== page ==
On August 26 and 27th, things went quickly from entertaining to horrific; the mountain began to explode - literally. The first huge blast took off the entire northern side of the mountain and, as it blew, rivers of molten gas, ash, and rock flowed into the Java Sea. Of course, this generated several tsunamis which swept over the nearby coastlines and the good folks who stood in horror watching the spectacle. The next day, 27th August, the rest of the mountain exploded with cataclysmic results. A dust cloud rose 50 miles into the sky and the fine dust from the eruption drifted around the entire planet, cooling temperatures and creating amazing sunsets! The blast could be heard from 3,000 miles away and the 120 foot high wave (tsunami) it generated swept huge numbers of people to their deaths. The mountain threw up five cubic miles of dirt into the sky! 31,000 people died from the tsunami, while another 4,500 perished, burned to death by the lava flows that stretched 40 miles from the volcano. And the island itself was gone!
Krakatoa rises again!

But the volcano was not; it still lurked, rebuilding itself beneath the sea! I had occasion to pass by there some years ago and actually got ashore on the new island rising from the sea. It was hot underfoot – too the point of actually burning through the soles of one’s boots. And at night, the new peak glowed ominously orange. It is only a matter of time before this still-active volcano gives us a repeat performance!

 “Boats, like whiskey, are all good.” R.O. Culler 

 Fair winds, Old Salt

Tuesday, August 26, 2014


This is a continuation of what we offered a couple of days ago – about the British entering Washington City and burning it in retaliation for the American depredations in York (the capital of Upper Canada then). You will (I hope) recall that Admiral Cockburn dined at the President’s Mansion, then, while his troops burned the capitol, treasury, and library of Congress, he torched what would late be called the White House. The British troops remained in Washington, continuing their work throughout the night. Fires burned across the city, lighting the skyline.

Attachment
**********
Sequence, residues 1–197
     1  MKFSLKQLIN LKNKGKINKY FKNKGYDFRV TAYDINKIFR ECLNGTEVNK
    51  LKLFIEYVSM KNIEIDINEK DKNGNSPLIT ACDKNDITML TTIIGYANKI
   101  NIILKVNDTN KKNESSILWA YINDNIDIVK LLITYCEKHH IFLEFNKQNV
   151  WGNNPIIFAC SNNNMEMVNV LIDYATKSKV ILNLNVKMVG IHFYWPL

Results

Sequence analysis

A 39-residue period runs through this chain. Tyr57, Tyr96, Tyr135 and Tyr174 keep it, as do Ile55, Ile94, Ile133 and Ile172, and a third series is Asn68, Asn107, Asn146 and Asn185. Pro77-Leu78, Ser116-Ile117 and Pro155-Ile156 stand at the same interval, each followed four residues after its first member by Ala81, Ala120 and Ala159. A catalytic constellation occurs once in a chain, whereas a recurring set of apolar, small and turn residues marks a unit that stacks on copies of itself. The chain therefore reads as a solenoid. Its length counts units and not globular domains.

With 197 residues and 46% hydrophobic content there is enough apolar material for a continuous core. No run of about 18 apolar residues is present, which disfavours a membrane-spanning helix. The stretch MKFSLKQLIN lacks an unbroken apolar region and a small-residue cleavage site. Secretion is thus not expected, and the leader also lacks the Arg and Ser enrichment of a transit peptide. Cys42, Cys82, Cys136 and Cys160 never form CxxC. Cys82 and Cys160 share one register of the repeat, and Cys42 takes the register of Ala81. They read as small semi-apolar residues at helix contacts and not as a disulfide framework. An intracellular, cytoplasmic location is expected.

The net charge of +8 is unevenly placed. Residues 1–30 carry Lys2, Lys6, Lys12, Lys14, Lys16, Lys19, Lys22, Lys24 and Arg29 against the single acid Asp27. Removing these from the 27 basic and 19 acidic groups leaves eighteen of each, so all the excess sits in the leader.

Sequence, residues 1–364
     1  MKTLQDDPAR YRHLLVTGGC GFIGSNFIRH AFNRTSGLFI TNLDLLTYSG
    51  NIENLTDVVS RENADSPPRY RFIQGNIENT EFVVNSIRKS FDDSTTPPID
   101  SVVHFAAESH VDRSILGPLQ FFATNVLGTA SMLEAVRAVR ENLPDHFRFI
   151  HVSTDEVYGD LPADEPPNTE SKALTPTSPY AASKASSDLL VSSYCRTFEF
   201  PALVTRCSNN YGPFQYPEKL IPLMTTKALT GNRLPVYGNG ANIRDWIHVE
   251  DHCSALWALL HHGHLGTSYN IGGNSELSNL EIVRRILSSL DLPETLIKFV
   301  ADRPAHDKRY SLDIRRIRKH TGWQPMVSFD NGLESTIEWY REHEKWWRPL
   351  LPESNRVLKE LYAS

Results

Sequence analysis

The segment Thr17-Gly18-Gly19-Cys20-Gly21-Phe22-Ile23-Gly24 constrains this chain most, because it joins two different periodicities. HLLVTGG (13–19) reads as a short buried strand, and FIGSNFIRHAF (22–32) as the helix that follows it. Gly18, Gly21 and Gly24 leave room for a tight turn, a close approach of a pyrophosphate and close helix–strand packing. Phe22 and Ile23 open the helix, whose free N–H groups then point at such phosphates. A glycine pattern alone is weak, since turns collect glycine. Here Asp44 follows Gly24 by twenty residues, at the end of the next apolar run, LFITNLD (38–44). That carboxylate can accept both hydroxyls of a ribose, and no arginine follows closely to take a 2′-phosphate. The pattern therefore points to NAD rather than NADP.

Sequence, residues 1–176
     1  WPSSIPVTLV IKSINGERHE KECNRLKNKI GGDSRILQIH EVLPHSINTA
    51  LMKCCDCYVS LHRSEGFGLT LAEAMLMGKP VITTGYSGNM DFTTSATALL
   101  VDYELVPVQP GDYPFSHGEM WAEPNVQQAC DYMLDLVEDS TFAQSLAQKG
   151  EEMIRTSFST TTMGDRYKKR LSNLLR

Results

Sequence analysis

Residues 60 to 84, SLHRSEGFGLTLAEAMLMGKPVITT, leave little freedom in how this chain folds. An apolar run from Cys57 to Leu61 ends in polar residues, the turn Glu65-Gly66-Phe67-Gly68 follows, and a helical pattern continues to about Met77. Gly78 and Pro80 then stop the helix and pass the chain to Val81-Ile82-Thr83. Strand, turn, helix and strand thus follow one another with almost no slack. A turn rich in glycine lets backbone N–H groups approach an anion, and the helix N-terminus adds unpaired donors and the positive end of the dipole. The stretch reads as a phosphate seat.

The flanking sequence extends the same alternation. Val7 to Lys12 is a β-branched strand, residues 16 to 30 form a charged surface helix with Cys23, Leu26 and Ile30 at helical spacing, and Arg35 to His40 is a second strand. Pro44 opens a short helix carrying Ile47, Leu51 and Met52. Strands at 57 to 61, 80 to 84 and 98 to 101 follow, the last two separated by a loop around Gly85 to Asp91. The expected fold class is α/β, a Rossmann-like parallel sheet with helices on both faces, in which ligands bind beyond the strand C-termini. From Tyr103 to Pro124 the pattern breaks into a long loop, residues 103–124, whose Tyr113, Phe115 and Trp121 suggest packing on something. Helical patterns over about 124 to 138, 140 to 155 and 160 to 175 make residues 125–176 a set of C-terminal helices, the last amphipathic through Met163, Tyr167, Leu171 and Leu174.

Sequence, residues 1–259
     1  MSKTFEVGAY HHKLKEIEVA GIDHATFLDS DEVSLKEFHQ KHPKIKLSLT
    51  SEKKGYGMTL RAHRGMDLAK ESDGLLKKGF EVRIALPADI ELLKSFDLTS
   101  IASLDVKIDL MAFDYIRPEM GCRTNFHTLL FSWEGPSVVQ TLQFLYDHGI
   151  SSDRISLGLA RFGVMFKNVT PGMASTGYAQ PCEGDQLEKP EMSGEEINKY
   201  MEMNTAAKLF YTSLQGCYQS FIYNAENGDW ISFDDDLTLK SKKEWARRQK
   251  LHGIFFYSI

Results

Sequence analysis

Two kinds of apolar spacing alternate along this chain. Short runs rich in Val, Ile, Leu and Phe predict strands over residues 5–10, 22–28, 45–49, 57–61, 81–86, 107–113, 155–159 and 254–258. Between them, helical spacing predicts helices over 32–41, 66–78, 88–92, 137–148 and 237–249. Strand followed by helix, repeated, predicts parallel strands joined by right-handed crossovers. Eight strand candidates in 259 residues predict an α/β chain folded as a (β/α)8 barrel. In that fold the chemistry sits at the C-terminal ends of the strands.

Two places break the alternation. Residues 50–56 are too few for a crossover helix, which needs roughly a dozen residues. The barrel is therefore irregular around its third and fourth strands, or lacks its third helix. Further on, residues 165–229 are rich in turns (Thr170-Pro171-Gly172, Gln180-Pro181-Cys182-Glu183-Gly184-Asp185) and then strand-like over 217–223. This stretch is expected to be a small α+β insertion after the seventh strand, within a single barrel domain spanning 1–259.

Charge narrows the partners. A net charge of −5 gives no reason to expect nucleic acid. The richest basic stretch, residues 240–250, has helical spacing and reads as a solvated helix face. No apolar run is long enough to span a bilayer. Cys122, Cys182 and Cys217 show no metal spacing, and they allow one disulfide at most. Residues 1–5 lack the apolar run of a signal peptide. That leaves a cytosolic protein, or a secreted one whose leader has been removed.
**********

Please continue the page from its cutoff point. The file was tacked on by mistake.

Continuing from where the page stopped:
The following day, 26 August, a ferocious storm – some accounts reported it as a hurricane – brought huge winds and heavy rains which put out the fires and, in one case, actually knocked down a building, killing a number of British soldiers taking shelter inside. Having accomplished what they set out to do, the British left the city later that day and returned unopposed (there was nobody to oppose them! Remember the Bladensburg Races?) to Benedict where they arrived on 30 August to re-embark on their ships. Of course, Adm. Cockburn and his boss, Admiral Cochrane, sent a fast ship straightaway to England with news of their glorious success in the American capital.

When word reached England of the success enjoyed by Cockburn and Ross, the people rejoiced, celebrating the superiority of the English troops, the embarrassment of the Americans, and the retaliation for the depredations brought by American troops on Canadian soil the year before. General Ross was officially commended for his brilliant Chesapeake Campaign and, in celebration of the as-yet-unfinished campaign (they planned to accomplish the same thing in Baltimore), the guns in the Tower of London were fired at noon on three successive days. It would be premature, as it turned out.

“Only the guy who isn’t rowing has time to rock the boat!”  - John Paul Sartre

Fair Winds!           Old Salt

Monday, August 25, 2014


This is not trick photography or a distorted image. The Giant Rubber Duckie is 26 meters (85+ feet) tall and inflatable.